Because the gender of the participants was not perfectly balanced in our experiment (42 males and 30 females), we further checked whether there was any gender difference in participants’ behaviors that may have influenced our results. One-way ANOVA showed no significant difference between males and females in the parameter of γ (F1,70 = 0.511, p = 0.477) or the parameter of ρ (F1,70 = 0.823, p = 0.367) before the stimulation. In addition, we added gender to the repeated measures ANOVA in subsection “Effect of tDCS”; again, no significant effect of gender or its interaction with other factors was observed.
To test the robustness of our estimated values with respect to the participant’s selections, we drew 1000 bootstrap samples and calculated the bootstrap errors of the estimated values for each participant. The average standard deviations of the bootstrap estimations of γ are 0.178 (before) and 0.174 (after), while the average standard deviations of the bootstrap estimations of ρ are 0.127 (before) and 0.120 (after). Figure 6 displays the participants’ parameter values as well as the bootstrap errors of the 1000 bootstrap estimations. Each marker represents a single participant’s parameter value, with crosses representing the standard deviation of the 1000 bootstrap estimations. The diagonal line divides the plot region into two parts: the left part means that the mean parameter value was higher after the stimulation, and the right part means that the mean parameter value was lower after the stimulation. From the figure we can see that for some participants, the standard deviations of bootstrap estimations are non-trivial, which may weaken the robustness of our results.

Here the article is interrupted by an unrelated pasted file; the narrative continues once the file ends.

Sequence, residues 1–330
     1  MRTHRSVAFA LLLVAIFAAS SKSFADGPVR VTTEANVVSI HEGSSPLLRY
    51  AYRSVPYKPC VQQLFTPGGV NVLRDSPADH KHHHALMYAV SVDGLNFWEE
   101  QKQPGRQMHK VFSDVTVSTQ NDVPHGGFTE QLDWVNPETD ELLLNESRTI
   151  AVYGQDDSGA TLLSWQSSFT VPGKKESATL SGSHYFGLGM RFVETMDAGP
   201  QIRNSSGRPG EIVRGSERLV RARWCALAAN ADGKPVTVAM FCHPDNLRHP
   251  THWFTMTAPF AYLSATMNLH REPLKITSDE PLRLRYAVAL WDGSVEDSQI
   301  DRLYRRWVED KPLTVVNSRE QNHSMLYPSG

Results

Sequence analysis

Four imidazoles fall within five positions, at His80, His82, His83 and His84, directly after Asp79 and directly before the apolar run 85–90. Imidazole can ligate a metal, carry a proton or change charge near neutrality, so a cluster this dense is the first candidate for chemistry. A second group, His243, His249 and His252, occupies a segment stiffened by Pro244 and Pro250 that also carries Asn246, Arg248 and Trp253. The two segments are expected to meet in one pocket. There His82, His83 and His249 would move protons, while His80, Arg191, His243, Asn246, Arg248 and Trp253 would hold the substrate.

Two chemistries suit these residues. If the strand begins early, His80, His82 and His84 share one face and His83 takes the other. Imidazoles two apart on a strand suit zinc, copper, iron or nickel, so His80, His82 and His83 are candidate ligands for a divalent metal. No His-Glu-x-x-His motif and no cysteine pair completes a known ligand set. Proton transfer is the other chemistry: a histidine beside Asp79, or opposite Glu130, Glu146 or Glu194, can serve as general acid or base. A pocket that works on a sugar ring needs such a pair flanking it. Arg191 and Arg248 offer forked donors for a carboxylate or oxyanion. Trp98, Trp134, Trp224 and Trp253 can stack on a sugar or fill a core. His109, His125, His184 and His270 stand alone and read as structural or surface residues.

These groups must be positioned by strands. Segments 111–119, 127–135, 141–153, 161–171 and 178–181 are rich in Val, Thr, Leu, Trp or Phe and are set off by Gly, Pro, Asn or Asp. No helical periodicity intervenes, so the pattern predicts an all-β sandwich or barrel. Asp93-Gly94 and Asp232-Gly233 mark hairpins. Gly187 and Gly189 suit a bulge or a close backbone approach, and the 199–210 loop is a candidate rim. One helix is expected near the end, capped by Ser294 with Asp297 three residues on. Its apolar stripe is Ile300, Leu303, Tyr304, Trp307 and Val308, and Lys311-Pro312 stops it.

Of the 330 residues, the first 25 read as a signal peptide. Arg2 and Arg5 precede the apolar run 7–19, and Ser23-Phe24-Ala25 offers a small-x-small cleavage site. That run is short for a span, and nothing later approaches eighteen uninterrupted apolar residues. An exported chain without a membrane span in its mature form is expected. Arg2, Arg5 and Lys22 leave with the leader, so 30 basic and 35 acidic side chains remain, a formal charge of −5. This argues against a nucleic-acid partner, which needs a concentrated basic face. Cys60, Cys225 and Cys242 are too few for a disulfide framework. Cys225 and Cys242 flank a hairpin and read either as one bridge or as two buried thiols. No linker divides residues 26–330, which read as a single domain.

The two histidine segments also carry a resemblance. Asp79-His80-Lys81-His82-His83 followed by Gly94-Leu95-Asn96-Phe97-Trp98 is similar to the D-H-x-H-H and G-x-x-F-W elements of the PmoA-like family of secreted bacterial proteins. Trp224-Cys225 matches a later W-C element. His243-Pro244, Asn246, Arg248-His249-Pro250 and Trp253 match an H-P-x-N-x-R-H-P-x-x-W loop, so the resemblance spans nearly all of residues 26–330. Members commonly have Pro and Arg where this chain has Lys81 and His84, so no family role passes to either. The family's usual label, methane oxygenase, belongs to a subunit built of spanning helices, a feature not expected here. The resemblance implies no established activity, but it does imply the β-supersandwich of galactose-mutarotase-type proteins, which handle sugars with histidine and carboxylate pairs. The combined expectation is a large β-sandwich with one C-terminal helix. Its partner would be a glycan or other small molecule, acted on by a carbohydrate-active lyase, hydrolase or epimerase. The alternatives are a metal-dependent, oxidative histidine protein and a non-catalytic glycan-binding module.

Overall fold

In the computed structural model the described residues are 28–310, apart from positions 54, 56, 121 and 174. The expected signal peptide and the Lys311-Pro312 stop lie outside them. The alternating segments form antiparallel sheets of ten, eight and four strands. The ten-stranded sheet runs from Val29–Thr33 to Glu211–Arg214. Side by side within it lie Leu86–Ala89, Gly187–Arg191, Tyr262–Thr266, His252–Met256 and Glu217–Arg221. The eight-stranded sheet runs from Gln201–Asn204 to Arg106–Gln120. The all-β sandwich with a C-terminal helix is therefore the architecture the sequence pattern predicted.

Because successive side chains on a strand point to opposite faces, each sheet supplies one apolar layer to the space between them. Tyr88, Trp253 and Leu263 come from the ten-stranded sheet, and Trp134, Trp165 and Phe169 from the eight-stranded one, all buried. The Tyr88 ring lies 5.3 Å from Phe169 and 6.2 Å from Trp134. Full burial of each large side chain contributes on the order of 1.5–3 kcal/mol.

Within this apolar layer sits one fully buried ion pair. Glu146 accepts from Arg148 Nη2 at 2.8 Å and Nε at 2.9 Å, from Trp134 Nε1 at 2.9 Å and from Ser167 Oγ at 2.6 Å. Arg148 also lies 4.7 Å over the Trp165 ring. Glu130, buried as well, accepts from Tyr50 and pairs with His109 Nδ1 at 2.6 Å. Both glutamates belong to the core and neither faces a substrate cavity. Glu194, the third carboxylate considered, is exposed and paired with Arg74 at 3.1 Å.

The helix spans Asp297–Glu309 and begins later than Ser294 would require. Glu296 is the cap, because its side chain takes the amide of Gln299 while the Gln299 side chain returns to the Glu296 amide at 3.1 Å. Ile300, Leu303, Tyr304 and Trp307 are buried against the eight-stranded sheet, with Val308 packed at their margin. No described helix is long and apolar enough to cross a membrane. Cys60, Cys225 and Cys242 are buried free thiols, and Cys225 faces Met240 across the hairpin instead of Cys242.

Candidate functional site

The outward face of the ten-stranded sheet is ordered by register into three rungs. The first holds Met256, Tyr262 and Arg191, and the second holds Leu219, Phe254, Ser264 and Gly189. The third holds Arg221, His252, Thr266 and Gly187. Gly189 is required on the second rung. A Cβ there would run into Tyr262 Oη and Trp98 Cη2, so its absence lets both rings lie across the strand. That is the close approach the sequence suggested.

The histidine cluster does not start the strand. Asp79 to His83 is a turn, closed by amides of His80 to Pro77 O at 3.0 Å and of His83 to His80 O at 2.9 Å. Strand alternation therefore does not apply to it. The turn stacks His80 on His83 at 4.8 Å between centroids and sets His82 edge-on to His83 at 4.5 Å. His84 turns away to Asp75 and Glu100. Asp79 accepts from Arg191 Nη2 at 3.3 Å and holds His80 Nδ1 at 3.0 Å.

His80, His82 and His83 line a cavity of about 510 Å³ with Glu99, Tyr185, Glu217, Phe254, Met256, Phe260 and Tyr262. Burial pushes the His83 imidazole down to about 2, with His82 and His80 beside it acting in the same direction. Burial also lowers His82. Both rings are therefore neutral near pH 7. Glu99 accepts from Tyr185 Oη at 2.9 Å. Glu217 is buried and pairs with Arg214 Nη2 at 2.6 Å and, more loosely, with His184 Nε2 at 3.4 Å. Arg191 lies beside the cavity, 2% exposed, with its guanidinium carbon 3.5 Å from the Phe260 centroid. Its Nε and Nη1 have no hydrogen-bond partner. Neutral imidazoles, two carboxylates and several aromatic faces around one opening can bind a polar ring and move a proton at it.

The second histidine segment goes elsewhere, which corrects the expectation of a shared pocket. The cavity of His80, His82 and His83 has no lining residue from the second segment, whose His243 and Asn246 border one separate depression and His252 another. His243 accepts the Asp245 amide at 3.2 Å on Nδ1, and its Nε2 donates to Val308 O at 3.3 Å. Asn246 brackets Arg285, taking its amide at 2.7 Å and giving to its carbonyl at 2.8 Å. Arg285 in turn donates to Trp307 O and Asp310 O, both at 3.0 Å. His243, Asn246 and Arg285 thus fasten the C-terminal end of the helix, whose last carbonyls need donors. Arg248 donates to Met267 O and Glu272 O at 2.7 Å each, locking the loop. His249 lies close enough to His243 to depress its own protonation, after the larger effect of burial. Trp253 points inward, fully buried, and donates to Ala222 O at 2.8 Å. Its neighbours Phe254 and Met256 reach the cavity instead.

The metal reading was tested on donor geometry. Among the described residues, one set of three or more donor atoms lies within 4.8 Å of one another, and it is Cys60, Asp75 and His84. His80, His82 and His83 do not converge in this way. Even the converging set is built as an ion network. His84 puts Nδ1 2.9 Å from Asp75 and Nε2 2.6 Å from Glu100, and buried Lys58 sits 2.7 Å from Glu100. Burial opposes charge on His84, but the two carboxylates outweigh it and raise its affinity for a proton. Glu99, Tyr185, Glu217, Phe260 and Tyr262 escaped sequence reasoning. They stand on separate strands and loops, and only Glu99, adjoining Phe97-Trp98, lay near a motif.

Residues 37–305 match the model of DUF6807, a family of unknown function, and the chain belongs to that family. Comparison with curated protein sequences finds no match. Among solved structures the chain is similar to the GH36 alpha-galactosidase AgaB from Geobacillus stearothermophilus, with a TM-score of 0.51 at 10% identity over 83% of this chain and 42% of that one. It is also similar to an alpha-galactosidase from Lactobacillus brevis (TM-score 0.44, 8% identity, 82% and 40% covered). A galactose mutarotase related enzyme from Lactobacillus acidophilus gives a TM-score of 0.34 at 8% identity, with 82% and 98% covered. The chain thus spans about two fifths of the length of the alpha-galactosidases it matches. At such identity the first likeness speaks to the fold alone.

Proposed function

FIGURE 6. Parameter values and bootstrap errors before and after the stimulation in different treatments. Each marker represents a single participant’s parameter value, with crosses representing the bootstrap standard deviation.